The procedures were in accord with the ethical standards of the responsible committee on human experimentation from Instituto René Rachou, Fundação Oswaldo Cruz [CAAE 37207920.6.0000.5091] and with the Helsinki Declaration (1964, amended most recently in 2008) of the World Medical Association and the patient's responsible written consent was obtained.

Discussion

At the beginning of the Covid-19 pandemic, few infections and severe cases in young adults and almost none in children were reported [1]. On February 8, 2021, Lachassinne et al. reported that the incidence of SARS-CoV-2 infection in children was still low [10]. We wondered why some of the children could be infected and developed a severe Covid-19. Liu and Hill [5] reported that primary immunodeficient patients could be more susceptible to severe infections, posing a high risk to Covid-19. Deficiency in antiviral innate immune signaling (TLRs, TIRAP) [5] or chemokines (MCP-1) essential to call the appropriated immune defense cells or in interferon-induced molecules (OAS-3) would be some targets to find the answer to this question. Initially, we addressed our efforts to verify if there were non-synonymous SNPs in DNA that codify these proteins, using the blood of children who needed to be admitted to the hospital.

Although Covid-19 involves mainly the respiratory tract, there are some representative numbers of articles in the literature showing that several organs, including the liver and gastrointestinal tract, are also affected by SARS-CoV-2 [2,3,4].

Here we reported hepatitis, with gastrointestinal symptoms and fever in a 5-year-old male child, who was negative for hepatitis A, B, C, E, cytomegalovirus, Epstein Barr, syphilis, HIV, herpes, influenza, and respiratory syncytial virus. Additionally, the boy was positive for SARS-CoV-2 IgM, IgA, and IgG and presented one rs179008 in tlr-7. However, although immune tests were positive against SARS-CoV-2, a nasal swab collected 6 days after initial symptoms was RTq-PCR negative. Lack of detection of viral RNA 6 days after the first symptoms could be due to partial elimination of the virus confirmed by the presence of antibodies, or even the collection having been made traditionally only in the nasopharynx and oropharynx, since the child had no respiratory manifestations. Wang et al. 2021 [11] tested different clinical samples and detected SARS-CoV-2 in blood and feces. Kucirka et al. 2020 [12] also raised the question about the predictive value of the RTqPCR, which varies with time from exposure and symptom onset, predicting a reduction of 67% in the positivity on the fourth day.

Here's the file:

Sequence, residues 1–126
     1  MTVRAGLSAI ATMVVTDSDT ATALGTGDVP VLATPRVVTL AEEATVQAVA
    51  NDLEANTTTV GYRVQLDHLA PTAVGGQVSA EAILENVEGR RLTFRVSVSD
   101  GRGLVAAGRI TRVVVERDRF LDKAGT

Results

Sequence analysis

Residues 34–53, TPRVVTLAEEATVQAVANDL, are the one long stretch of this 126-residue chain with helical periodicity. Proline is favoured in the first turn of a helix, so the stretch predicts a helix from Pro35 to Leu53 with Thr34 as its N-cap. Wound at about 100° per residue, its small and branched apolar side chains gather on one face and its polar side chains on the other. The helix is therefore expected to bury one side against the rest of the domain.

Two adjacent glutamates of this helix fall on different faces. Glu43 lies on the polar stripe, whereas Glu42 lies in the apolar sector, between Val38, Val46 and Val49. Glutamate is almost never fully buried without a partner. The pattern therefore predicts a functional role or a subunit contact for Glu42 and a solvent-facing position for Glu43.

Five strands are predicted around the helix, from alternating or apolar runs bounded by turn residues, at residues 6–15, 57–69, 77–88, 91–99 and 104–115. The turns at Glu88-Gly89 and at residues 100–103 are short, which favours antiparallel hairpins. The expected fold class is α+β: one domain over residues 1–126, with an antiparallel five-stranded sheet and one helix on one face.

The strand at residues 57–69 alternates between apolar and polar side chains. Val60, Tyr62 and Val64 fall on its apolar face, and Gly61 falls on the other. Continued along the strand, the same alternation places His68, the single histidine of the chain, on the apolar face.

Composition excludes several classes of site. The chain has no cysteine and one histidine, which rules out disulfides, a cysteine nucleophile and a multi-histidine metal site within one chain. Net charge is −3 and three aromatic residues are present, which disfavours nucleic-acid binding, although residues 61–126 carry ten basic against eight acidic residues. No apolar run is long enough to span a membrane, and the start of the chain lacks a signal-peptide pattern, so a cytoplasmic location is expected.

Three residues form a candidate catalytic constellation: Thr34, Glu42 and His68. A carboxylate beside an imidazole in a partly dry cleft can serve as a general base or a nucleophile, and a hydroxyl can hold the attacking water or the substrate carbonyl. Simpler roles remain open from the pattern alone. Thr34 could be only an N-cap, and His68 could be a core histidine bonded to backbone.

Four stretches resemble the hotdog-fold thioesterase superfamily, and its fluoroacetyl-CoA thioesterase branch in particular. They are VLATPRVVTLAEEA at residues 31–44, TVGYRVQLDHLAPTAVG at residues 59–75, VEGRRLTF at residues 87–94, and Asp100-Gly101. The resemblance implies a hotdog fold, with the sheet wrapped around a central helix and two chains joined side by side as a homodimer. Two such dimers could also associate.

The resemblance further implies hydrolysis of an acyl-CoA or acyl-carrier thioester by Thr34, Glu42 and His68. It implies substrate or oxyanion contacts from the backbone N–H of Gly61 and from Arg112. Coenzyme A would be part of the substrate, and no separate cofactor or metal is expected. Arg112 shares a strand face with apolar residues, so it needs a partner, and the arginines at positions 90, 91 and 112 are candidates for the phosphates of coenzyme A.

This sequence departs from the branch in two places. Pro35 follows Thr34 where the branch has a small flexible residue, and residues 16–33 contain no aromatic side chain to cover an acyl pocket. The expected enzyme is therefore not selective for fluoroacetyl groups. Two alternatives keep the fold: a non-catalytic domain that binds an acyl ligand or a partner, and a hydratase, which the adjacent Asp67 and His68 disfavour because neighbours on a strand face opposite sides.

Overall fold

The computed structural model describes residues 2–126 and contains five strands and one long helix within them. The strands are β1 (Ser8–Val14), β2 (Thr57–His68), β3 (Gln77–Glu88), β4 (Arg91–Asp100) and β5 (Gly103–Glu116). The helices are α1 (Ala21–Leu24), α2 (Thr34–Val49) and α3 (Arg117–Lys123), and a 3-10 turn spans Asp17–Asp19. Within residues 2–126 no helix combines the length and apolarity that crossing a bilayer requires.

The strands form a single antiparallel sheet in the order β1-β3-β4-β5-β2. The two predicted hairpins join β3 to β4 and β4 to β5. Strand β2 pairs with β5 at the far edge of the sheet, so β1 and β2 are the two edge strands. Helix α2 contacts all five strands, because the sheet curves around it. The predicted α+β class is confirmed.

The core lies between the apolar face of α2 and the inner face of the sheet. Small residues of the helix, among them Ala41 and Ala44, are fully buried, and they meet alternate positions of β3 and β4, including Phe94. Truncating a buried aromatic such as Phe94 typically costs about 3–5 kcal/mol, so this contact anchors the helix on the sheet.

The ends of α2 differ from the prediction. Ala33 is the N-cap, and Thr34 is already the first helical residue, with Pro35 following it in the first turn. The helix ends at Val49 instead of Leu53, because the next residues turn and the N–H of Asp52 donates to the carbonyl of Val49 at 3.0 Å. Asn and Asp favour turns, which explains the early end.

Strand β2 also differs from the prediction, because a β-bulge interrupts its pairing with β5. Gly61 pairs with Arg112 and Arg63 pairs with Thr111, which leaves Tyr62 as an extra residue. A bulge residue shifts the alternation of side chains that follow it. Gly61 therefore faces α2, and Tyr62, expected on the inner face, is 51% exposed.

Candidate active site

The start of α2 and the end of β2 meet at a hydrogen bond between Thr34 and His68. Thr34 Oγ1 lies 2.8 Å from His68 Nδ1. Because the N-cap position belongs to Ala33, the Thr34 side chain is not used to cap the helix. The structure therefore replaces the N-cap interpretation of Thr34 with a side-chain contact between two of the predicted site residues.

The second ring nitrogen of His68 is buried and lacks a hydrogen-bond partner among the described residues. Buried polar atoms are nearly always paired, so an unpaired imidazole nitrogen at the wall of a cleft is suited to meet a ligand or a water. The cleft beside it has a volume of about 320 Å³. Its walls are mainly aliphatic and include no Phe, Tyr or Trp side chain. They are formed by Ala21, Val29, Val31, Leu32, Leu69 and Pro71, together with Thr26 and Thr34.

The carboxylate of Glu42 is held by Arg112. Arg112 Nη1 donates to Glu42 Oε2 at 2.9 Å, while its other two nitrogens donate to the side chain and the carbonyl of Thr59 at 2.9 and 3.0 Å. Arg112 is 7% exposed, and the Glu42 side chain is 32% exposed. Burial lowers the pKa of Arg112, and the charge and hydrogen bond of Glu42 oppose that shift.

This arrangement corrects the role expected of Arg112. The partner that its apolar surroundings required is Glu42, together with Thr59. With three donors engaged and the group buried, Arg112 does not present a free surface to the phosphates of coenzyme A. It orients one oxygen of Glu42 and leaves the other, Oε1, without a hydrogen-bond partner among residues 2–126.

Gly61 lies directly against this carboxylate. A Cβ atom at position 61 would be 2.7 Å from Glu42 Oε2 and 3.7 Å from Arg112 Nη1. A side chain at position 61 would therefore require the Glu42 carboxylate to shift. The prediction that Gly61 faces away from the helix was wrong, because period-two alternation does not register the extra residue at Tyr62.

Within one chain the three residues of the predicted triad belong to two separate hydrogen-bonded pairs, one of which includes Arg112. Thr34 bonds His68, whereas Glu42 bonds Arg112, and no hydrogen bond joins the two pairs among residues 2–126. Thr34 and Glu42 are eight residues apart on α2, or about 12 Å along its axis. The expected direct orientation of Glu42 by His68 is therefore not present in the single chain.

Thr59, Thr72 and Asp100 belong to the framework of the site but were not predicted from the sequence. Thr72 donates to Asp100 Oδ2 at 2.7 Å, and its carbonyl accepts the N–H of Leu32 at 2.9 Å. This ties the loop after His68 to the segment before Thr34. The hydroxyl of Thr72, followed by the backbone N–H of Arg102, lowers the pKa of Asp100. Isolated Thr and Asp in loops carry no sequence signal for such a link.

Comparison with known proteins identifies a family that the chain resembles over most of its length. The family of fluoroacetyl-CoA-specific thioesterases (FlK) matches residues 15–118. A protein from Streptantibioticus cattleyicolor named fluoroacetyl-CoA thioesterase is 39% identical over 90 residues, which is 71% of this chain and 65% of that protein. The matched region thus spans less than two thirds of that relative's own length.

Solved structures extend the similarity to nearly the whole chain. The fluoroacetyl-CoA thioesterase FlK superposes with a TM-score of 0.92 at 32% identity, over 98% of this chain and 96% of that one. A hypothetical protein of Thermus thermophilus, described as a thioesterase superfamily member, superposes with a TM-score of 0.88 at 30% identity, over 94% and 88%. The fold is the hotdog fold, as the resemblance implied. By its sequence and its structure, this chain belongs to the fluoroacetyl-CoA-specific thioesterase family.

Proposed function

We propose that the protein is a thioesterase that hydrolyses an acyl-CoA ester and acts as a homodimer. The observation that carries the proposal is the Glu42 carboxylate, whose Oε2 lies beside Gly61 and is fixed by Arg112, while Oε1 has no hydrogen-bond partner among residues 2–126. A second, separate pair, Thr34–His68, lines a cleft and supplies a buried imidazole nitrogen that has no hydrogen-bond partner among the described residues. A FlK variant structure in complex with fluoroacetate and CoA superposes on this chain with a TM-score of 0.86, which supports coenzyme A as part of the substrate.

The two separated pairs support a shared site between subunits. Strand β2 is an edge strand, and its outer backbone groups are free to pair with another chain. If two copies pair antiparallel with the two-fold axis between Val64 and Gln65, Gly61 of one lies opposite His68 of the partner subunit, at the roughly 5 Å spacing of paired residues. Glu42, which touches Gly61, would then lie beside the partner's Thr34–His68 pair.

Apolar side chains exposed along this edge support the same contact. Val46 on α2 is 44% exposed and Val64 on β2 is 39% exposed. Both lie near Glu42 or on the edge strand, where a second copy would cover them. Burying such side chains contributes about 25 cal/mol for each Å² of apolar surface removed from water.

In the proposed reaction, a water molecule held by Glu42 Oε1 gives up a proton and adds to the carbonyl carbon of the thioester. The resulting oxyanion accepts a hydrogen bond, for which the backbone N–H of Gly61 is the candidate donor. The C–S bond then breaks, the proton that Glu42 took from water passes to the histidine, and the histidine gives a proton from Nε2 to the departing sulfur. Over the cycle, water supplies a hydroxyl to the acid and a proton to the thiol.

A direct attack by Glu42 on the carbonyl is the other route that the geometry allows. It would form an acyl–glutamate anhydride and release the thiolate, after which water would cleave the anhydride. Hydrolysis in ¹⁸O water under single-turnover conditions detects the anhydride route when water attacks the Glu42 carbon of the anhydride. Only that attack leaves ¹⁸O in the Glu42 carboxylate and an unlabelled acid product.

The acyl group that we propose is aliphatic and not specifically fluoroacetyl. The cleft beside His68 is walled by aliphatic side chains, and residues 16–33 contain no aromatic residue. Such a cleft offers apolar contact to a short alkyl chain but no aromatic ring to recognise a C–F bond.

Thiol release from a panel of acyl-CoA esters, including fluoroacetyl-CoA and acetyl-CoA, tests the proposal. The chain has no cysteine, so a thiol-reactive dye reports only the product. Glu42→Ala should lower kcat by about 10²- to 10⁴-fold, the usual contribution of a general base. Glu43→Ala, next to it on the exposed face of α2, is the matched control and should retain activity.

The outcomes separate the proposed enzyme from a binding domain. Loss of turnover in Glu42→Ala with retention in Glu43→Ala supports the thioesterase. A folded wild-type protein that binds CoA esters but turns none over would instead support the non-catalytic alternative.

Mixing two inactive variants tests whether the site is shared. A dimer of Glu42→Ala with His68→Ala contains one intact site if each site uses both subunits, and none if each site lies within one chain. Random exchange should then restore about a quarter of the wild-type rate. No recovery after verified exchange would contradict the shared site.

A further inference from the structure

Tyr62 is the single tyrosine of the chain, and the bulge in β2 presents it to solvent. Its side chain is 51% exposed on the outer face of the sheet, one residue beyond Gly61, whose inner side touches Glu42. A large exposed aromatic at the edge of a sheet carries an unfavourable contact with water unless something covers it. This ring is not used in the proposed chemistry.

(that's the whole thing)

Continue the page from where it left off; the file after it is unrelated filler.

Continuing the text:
Hepatitis provoked by SARS-CoV-2 could be associated with the impaired innate immunity against the virus caused by the polymorphism in tlr-7 rs179008. The same SNP was reported by Fakhir et al. as being one of the causes of the impaired immune response during HCV infection [9]. Azar et al. (2020) reported patients infected with HIV-1, which presented the rs179008, produced lower quantities of TLR-7, resulting in lower production of IFN-1, with consequent higher viral load [13].